Entomologist

R. ISAI MADRIZ

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R. Isaí Madriz, PhD is an independent early-career Mexican American entomologist with expertise in freshwater aquatic insects of Patagonia. He is the world authority in the family of primitive crane flies (Tanyderidae).

Madriz traverses some of the most remote and unexplored areas of Patagonia alone using a bamboo bicycle and a packraft in search of some of the rarest insects on the planet. Performing first descents of unnamed glacial waterways and carrying over 30 kilos of equipment, he sets off to find and explore the last pristine forests remaining in Patagonia to document the unique Gondwanan insect biodiversity of the region.

Packrafting through glacial lagoons, transecting hidden glacial valleys and wading in gelid rivers to find the biodiversity that depends on these ancient ice masses, Dr. Madriz has found over 60 species of insects new to science. To advance descriptions of these relict species (living fossils) and engage in constant exploratory work, Madriz pairs up with other world authorities in entomology.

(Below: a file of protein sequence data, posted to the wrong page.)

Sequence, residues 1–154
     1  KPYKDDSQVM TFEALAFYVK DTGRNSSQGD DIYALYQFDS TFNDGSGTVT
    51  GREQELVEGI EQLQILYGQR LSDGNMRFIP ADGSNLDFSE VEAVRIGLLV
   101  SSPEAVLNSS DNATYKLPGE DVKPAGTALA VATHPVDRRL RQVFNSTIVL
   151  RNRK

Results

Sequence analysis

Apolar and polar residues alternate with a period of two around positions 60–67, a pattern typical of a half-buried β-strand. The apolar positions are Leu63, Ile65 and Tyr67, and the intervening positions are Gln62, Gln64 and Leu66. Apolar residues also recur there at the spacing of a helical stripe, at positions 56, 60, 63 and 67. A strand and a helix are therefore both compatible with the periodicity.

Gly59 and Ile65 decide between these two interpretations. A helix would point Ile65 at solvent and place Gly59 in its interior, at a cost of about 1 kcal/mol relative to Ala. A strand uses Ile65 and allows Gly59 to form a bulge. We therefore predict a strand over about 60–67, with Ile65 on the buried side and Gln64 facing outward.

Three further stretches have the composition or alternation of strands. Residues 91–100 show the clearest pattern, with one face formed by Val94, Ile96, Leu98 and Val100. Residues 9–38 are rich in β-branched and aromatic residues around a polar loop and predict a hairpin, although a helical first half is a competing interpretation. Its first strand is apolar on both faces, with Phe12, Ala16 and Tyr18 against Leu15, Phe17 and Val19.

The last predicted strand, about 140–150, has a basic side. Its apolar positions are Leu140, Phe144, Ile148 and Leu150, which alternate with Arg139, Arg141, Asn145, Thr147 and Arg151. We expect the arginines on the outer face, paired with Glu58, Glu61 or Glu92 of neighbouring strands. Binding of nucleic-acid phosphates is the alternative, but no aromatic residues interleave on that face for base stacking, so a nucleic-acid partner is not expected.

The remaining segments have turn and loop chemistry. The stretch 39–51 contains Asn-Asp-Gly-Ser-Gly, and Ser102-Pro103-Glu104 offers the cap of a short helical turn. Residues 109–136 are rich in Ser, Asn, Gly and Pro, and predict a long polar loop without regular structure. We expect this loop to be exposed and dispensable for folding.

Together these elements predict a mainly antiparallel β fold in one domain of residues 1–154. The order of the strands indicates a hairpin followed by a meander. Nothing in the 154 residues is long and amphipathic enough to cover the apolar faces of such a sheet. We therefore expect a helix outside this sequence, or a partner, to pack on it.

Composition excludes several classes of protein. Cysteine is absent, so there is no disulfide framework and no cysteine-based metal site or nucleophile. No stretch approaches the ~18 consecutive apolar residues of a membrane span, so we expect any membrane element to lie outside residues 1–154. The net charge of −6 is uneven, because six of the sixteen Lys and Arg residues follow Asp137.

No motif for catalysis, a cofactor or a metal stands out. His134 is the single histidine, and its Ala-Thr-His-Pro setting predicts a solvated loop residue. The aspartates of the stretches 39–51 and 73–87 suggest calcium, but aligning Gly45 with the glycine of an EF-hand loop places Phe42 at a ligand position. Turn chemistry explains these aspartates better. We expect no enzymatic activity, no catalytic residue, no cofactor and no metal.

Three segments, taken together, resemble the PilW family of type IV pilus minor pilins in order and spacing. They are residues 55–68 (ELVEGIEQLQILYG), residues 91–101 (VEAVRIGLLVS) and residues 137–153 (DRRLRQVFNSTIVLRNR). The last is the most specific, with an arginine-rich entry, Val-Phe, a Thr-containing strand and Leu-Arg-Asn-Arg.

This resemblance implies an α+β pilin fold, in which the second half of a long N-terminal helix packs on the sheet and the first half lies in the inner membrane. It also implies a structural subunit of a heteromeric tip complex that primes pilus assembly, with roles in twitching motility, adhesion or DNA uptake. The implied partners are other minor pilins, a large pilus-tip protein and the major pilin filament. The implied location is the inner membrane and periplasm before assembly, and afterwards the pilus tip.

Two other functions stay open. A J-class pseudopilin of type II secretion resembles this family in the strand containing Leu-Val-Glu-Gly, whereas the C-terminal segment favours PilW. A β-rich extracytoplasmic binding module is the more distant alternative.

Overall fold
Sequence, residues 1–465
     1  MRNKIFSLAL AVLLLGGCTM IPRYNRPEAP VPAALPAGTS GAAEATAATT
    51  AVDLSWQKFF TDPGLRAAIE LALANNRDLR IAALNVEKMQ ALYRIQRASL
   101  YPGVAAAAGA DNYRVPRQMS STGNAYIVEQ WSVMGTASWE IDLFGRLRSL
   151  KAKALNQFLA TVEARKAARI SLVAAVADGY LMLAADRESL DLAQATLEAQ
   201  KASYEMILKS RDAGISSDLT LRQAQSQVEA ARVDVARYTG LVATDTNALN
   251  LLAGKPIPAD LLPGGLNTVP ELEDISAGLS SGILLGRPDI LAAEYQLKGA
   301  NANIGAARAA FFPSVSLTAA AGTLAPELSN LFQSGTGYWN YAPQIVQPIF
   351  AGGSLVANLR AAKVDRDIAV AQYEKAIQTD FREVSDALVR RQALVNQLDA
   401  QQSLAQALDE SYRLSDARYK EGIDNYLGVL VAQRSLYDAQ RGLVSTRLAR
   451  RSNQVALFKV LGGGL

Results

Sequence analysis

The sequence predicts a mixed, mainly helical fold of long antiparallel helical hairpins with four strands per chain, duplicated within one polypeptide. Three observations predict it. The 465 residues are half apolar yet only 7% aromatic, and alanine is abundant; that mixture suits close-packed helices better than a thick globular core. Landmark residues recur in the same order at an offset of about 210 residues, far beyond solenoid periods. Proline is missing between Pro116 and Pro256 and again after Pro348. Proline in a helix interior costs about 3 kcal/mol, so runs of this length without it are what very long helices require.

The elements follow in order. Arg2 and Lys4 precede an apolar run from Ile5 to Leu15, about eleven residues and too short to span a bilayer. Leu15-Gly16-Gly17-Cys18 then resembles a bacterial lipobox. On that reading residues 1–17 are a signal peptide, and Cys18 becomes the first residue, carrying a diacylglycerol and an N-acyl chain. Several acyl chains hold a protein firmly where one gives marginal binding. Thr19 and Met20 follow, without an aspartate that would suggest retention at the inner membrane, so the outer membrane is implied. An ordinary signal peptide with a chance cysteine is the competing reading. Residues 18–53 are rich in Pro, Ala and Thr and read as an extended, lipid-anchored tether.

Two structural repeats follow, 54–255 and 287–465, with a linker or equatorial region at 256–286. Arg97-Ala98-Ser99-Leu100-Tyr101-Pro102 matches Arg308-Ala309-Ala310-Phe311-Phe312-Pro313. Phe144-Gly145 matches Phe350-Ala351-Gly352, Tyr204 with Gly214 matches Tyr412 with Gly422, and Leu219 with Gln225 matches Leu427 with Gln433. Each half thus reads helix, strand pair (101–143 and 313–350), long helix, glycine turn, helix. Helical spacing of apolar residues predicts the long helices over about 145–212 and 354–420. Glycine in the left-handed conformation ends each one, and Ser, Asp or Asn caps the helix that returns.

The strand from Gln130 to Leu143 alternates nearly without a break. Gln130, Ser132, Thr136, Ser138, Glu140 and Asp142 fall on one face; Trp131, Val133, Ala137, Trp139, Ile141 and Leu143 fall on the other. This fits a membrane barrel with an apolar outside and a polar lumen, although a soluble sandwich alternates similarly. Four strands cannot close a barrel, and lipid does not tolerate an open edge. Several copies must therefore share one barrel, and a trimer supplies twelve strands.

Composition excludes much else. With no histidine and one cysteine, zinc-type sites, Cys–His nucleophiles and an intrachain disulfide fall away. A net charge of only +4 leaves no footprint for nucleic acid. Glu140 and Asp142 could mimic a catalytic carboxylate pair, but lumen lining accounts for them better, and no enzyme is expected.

Given the weight limits of his expeditions, Madriz mostly carries photographic and laboratory equipment to document his findings. He does not use a water filter nor stove but relies on his expertise in insect bioindicators to find clean water and brings a small amount of oatmeal for daily consumption. He complements his dietary needs with endemic vegetation and fungi.

In 2017, he and his wife, an autism specialist educator, relocated from Chicago to rural Patagonia. Together, they develop educational materials based on his findings for rural schools across the region. He also works pro-bono with small, local tourism entrepreneurs to incorporate his findings into their tours.

To bring attention to the conservation of insects in this area of the world, he writes about the vanishing insect diversity through images and stories of exploration and science.
Madriz is constantly fighting to include insects in biodiversity protection programs in Chilean Patagonia before Patagonia's endemic biodiversity is transformed forever.

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